VW Vortex - Volkswagen Forum banner
1 - 2 of 2 Posts

·
Registered
Joined
·
962 Posts
Re: Mod ability issues with cars FWD AWD RWD (Chris V)

Amen. RWD for a perfromance car, and FWD or AWD for a winter car (10 year old Range Rover are pretty cheap now!).
If you have problems with wheelspin on a RWD car its just because the car has poor weight distribution. Start out with a car that has good distribution and it isn't a problem. (50/50 is good - great handling too!)
 

·
Registered
Joined
·
962 Posts
Re: Mod ability issues with cars FWD AWD RWD (RocketVR6)

Have you actually driven a RWD car in the winter? It isn't that hard to do. It just has power oversteer - easily corrected and controlled. If you keep on the throttle like a lunkhead and don't correct the rear end will come around.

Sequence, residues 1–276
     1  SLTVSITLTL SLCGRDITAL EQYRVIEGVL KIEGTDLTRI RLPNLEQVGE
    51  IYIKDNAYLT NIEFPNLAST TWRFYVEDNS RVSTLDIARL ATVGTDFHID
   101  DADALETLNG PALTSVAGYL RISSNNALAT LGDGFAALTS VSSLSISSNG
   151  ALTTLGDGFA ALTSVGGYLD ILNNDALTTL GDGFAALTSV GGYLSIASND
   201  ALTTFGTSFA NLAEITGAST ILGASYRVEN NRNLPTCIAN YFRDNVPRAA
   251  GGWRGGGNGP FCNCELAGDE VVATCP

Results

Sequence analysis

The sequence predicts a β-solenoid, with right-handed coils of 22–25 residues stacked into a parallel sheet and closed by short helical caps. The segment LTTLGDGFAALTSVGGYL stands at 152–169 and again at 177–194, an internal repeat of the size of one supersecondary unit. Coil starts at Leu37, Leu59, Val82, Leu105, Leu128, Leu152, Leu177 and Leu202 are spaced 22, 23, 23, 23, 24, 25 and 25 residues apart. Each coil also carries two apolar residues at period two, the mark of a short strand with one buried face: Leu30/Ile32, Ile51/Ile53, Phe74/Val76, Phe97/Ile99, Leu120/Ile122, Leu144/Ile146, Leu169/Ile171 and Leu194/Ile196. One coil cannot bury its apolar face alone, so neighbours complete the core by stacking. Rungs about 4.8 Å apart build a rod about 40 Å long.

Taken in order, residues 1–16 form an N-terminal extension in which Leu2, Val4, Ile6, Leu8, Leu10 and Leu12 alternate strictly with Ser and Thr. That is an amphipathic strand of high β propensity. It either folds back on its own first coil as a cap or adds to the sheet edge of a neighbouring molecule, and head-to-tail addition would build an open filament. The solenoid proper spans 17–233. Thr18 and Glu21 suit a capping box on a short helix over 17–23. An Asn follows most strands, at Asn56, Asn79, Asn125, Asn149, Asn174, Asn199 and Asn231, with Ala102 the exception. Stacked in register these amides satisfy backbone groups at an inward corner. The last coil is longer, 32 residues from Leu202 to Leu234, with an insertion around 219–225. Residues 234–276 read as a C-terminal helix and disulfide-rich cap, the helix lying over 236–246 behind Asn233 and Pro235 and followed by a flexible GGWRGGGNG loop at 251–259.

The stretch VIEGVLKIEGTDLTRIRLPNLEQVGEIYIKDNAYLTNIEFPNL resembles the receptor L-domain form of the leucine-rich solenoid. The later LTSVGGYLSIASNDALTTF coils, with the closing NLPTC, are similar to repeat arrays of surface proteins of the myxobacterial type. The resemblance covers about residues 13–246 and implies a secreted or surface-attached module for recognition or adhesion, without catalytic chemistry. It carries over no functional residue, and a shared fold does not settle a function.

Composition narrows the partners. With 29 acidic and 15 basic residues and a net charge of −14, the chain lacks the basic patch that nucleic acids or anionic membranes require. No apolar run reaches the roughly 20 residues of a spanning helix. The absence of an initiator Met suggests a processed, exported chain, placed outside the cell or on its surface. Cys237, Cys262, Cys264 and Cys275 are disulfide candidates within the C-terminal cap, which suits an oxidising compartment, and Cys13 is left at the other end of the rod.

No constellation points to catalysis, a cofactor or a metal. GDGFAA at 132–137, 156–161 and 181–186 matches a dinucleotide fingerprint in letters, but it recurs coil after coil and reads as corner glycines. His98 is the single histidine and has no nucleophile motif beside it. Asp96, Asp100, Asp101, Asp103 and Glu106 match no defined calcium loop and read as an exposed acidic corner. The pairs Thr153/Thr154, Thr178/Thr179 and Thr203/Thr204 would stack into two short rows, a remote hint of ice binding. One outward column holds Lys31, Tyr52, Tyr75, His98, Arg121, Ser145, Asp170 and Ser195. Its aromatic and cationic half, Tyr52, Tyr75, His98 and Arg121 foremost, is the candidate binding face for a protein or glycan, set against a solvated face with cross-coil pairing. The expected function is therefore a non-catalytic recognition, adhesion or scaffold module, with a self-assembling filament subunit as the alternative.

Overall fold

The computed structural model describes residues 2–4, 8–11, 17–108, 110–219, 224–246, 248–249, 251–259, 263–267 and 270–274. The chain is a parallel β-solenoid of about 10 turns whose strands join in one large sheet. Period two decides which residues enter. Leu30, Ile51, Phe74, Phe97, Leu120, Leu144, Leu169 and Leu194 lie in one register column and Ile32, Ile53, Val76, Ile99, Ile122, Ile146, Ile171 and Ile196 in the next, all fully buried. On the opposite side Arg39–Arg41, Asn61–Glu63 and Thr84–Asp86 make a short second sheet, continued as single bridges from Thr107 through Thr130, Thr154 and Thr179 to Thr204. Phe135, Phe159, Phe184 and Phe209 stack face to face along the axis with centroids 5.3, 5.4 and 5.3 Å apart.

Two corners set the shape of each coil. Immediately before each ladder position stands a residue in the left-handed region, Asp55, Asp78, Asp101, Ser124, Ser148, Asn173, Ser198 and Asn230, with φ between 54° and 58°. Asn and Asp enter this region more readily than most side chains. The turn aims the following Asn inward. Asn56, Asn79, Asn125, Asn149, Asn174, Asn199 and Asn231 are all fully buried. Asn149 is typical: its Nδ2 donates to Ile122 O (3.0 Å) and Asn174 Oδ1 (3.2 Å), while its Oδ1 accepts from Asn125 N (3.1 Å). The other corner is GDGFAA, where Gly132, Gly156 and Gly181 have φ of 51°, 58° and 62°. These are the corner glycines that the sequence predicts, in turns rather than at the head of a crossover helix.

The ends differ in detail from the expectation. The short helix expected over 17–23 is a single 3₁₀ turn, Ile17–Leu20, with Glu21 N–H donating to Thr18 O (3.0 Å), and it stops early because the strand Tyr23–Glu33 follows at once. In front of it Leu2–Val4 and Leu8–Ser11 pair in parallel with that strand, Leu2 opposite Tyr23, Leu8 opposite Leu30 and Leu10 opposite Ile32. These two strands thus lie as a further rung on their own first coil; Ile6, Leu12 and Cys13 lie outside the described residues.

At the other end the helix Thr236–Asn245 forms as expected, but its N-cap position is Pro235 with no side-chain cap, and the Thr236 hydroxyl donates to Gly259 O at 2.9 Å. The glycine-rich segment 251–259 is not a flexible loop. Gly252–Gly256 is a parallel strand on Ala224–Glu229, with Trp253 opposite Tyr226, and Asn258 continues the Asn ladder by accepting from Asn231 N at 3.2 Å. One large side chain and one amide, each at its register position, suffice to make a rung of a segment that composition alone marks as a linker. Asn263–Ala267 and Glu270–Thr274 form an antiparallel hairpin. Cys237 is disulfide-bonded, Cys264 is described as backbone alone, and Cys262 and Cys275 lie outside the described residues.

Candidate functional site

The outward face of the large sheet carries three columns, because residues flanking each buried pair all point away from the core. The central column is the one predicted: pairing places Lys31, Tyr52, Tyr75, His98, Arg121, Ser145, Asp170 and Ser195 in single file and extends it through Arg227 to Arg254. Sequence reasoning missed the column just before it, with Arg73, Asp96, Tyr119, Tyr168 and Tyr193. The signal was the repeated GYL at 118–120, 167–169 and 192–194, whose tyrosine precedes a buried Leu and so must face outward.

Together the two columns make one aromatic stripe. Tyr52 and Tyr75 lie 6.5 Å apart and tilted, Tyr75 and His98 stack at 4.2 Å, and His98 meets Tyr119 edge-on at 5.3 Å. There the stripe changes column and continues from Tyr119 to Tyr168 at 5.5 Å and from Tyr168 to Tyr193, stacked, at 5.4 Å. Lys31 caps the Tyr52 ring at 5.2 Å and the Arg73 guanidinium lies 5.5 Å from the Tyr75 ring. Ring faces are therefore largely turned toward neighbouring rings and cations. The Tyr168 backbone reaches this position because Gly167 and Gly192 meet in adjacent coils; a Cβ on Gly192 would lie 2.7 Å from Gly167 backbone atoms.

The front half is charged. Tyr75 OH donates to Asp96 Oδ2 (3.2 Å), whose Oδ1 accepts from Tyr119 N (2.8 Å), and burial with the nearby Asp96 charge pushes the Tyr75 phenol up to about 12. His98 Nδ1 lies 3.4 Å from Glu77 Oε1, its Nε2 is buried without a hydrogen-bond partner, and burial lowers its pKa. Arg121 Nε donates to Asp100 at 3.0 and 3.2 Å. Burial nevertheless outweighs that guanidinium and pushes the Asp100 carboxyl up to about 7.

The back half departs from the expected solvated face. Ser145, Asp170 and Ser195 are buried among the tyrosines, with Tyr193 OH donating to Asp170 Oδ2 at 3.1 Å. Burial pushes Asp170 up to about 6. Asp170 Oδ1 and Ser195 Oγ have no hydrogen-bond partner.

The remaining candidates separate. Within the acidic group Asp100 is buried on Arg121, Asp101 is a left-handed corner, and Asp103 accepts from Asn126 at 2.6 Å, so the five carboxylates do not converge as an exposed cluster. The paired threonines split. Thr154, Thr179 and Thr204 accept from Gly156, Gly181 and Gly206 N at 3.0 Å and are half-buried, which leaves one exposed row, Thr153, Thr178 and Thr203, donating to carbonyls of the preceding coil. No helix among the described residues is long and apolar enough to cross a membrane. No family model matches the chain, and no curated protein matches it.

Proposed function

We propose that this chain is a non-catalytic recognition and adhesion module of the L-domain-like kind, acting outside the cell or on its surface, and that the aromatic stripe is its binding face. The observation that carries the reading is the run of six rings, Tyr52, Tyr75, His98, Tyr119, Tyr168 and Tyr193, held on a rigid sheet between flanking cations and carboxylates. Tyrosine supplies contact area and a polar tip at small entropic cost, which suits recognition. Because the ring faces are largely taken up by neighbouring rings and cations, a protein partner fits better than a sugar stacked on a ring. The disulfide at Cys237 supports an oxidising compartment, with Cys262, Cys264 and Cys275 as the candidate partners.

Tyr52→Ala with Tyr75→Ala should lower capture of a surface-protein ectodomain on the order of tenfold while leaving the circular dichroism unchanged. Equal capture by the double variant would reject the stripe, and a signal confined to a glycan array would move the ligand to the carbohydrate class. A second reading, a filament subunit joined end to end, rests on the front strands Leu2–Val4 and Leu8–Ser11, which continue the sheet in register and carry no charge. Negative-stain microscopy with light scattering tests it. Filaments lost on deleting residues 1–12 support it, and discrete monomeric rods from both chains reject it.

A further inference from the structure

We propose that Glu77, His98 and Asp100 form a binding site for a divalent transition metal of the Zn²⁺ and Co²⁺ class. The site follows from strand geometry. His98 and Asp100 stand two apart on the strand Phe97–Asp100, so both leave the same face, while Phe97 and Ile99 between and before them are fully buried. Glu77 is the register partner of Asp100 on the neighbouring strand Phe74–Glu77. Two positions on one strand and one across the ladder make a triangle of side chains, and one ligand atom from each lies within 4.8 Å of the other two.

However, if you pull the same boneheaded tricks in a FWD car you'll have power understeer - and the car will determinedly plow straight ahead (or whichever way the road tilts) despite steering changes. They both have issues - RWD just needs a little more driver skill (built up in snowy parking lots!
).
Of course, your average run of the mill FWD has a heavy front weight distribution, so it tends to have a little bit better traction in the snow just due to this factor. And most cheap FWD cars have cheap narrow tires which do well in snow.
And some (but certainly not all) RWD also have a front weight bias (like a Camaro or Mustang). Combine this with the wide tires such cars have and the car won't do well at all.
Now a properly balanced RWD car (I've owned several old RWD Volvos, a BMW 318, a Miata) with narrower winter tires (nothing too special - just similar in width to econobox tire size) will do every bit as well as a FWD car - and better than many. I always made it up the hill to my house in the winter in my BMW 318 (an '83 model - certainly no traction control) while my roomate often had to walk up when his Accord couldn't make it.
 
1 - 2 of 2 Posts
Top